“Do You Believe In Magic?”
In September 1954, my senior year of high school had just begun, just barely. I had flunked summer school, my third summer school in as many years. According to the rules that meant I wouldn’t be going back to my high school. I would have to go to a public school and repeat junior year. (Click here to continue…)

all content copyright Pete Byrne 2011


Shhhh! A Library Memory

log12The Philadelphia Inquirer recently ran photos of several of the neighborhood public libraries slated for closing due to the City’s current budget crisis. One of those libraries is the Logan branch, and the sight of that old, classical facade sent sixty year-old memories washing over me. 

Until 1949, the Olney section of North Philadelphia where we lived had no library. As newly-minted ten-year-old in the early Fall of 1947, I learned, from several of my fifth-grade classmates at the Incarnation of Our Lord parochial school, that there was a branch of the Philadelphia Free Library system within walking distance of our neighborhood. If you went there, you could get a library card, and if you had a library card, you could borrow books on all kinds of neat stuff, real books, not comic books. There were even books about the recent war, a subject I was slightly batty about. 

I somehow scoped out directions from our street to the Logan Branch Library on Wagner Avenue, wherever that happened to be. After school, on a mild overcast September afternoon, without telling my mother where I was going, I set out to find this promised land of cerebral wonders, this library, whatever a library was.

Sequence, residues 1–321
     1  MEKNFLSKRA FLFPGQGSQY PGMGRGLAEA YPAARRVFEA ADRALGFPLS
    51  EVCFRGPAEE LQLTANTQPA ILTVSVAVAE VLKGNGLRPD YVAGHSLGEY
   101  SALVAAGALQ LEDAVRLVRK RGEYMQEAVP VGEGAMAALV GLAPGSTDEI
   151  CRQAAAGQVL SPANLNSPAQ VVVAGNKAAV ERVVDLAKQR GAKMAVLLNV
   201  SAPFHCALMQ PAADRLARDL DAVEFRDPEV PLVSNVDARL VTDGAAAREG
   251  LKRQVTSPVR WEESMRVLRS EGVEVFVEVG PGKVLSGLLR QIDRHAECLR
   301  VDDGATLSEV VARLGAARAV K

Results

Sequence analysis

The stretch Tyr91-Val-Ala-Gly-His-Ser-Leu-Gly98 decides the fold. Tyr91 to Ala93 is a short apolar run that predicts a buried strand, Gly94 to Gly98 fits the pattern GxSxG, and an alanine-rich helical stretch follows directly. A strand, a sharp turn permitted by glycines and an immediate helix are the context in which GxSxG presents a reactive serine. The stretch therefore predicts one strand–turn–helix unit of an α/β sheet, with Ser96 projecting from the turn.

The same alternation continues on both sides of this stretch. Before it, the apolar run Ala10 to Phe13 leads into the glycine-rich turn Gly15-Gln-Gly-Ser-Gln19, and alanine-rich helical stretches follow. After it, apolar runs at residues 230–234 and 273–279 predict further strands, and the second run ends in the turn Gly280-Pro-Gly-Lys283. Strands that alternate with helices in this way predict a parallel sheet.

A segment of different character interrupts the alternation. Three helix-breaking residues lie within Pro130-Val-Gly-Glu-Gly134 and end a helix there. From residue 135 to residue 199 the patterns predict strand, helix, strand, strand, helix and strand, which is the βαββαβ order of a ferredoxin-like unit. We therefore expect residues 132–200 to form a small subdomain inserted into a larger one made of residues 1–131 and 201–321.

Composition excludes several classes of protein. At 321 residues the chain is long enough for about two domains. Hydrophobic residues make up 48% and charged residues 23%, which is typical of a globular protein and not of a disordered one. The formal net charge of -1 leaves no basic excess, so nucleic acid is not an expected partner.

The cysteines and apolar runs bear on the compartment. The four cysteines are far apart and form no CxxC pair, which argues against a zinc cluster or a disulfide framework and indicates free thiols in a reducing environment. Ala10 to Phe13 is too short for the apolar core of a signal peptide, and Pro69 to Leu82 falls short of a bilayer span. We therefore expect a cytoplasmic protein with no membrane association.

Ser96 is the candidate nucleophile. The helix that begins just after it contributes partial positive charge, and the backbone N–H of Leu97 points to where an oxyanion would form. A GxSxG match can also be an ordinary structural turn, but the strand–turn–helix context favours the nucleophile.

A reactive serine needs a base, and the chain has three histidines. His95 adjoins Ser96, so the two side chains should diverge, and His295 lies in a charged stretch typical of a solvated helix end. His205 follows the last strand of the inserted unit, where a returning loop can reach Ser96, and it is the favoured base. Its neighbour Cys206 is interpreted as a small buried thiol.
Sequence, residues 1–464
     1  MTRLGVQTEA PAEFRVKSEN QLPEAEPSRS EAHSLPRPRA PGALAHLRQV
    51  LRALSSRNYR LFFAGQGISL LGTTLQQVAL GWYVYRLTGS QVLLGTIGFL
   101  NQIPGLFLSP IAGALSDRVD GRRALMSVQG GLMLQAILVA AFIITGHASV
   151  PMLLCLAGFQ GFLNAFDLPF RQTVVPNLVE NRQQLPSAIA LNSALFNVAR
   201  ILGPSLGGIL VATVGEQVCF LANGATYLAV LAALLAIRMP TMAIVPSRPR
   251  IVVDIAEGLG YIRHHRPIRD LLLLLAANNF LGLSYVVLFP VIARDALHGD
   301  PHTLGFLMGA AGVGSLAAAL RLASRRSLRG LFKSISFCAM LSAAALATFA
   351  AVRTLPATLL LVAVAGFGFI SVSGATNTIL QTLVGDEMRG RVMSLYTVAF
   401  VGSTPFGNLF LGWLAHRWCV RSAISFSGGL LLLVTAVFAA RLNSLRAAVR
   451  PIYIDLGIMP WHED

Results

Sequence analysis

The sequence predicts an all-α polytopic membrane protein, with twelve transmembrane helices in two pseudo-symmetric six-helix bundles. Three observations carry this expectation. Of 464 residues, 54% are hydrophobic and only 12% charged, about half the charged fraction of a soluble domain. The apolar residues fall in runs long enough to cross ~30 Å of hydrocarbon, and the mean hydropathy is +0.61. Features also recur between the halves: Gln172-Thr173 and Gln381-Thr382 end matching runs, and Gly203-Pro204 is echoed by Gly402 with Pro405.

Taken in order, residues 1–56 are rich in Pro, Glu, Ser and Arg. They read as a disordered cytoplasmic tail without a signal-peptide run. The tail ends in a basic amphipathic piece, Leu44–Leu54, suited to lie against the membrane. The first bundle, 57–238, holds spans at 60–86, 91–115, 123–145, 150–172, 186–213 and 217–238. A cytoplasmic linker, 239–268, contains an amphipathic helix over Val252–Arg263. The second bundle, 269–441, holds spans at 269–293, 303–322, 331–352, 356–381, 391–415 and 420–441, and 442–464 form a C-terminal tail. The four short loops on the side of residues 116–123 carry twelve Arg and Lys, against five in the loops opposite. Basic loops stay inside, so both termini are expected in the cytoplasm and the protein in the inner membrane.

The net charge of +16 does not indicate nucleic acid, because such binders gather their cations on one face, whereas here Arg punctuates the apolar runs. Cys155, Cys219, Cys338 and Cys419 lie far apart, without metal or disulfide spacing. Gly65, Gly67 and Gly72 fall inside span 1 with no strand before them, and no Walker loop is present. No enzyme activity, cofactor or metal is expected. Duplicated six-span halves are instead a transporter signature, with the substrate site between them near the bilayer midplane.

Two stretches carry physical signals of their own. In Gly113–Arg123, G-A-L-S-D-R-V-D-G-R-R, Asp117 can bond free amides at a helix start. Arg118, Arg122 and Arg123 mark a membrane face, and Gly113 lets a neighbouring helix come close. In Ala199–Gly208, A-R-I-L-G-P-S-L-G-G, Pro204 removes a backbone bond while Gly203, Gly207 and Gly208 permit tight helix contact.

The context of my life until then was one of physical boundaries set by the fact that we didn’t have a car, not all that unusual in Olney in the late nineteen-forties. But it meant wherever I had been outside our immediate neighborhood had been dictated by the bus, trolley and subway-elevated routes of the local transit company. Heading off for this mysterious library place, I had only a vague intimation of just where it was I was going.


Walking west from Fifth Street on the Fishers Avenue sidewalk, I was still on reasonably familiar territory. When I went under the railroad overpass at Seventh Street, everything began to change. The row houses resembled those on most of the streets I knew, and yet they somehow they were different. In fact everything was different. I began feeling like I was sliding through the looking glass. I remember turning and looking back toward Fifth Street for reassurance, and then continuing forward into the unknown.

Five blocks out, at Tenth Street, I had been told to go to the right. The street here was partially paved with bricks something that added to my feelings of exotic exploration. To my amazement a large factory building proclaimed itself the home of Fleer’s Double Bubble Chewing Gum. That the prized Double Bubble I had been purchasing at Sam’s Variety Store on Fifth Street was manufactured less than a mile from my home came to me as a mind-altering revelation. 

Not knowing whether I was closing in on, or still miles from, from my destination, I continued warily along the tree-lined and heavily shaded residential streets hoping for a sighting of this book-laden White Whale of my imagination. I had already passed a large white-columned building hidden in a park like setting before I turned and read the sign announcing the Logan Branch of the Free Library of Philadelphia.

Clueless as to library protocols, I wandered past the front desk and began walking up and down the aisles gawking at the book-laden shelves trying to force some sort of order to emerge. Stopping at a row of low shelving, I began browsing a stack of yellow-bordered magazines with cover titles of “The National Geographic.”